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White House nixes sleep apnea screening requirement for truckers

With truck drivers driving long hours, often without adequate sleep, safety experts and officials are constantly looking for ways to ensure they remain well rested for the sake of all motorists. However, a recent move by the federal government may compromise those efforts.

According to recent NPR report, the Trump administration is rolling back a plan to screen all truck drivers and train engineers for sleep apnea. As we’ve previously discussed on this blog, sleep apnea is a condition that affects not only the driver who has it, but everyone else on the road.

Why screening matters

After a series of serious accidents caused by truck drivers and train engineers with sleep apnea – including a Hoboken rail crash that killed one person and injured more than 100 others – the Obama administration proposed a requirement to test drivers and engineers for sleep apnea.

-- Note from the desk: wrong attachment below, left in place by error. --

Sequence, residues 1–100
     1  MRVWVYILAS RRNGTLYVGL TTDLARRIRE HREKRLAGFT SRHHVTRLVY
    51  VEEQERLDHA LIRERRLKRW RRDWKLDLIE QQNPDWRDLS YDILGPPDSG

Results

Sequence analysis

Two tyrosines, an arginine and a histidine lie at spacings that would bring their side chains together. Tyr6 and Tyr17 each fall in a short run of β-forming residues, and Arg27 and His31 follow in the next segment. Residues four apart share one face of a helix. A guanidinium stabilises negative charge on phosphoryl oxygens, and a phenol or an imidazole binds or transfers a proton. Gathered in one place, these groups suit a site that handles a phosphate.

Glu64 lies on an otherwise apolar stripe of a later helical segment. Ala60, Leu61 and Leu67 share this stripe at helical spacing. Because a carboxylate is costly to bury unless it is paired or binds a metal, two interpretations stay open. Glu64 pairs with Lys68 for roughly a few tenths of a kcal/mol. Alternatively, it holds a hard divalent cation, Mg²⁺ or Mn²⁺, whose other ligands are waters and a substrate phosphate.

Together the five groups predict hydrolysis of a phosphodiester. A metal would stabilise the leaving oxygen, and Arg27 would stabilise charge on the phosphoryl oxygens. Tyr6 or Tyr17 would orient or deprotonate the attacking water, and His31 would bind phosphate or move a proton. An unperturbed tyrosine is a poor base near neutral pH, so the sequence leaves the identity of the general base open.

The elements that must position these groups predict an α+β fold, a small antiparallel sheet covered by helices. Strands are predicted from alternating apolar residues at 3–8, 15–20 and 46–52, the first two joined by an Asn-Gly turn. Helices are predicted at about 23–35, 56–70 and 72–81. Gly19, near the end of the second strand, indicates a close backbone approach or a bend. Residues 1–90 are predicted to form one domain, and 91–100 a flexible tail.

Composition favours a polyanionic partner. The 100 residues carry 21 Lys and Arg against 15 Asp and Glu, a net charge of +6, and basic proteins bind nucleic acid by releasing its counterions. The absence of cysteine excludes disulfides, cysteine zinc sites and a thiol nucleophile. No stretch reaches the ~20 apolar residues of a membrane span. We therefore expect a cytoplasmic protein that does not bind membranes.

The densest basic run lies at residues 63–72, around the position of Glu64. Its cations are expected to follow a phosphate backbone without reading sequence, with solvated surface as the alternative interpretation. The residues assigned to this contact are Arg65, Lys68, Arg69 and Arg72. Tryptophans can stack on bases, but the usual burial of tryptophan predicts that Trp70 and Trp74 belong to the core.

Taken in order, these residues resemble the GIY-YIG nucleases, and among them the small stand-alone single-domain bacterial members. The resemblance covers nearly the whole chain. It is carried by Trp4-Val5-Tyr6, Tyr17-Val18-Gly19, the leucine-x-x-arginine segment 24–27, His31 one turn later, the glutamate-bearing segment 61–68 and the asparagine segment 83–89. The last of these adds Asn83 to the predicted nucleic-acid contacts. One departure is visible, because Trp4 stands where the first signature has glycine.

The condition, which affects the respiratory system, impairs an individual’s quality of sleep. This can manifest in exhaustion or, in more serious cases, falling asleep with little to no warning. It is easy to see how this can be dangerous when an individual is responsible for a large machine moving at high speeds near other people.

A divided response

While safety organizations like the National Transportation Safety Board have decried this rule change, many players in the trucking industry welcome it. Despite having insurance, individual driers are sometimes burdened by the cost of apnea testing and treatment. In addition, some argue that the testing requirement is an unnecessary regulatory hurdle, especially in the precarious trucking industry.

What do you think? Should sleep apnea screening be required for everyone who operates a large vehicle?

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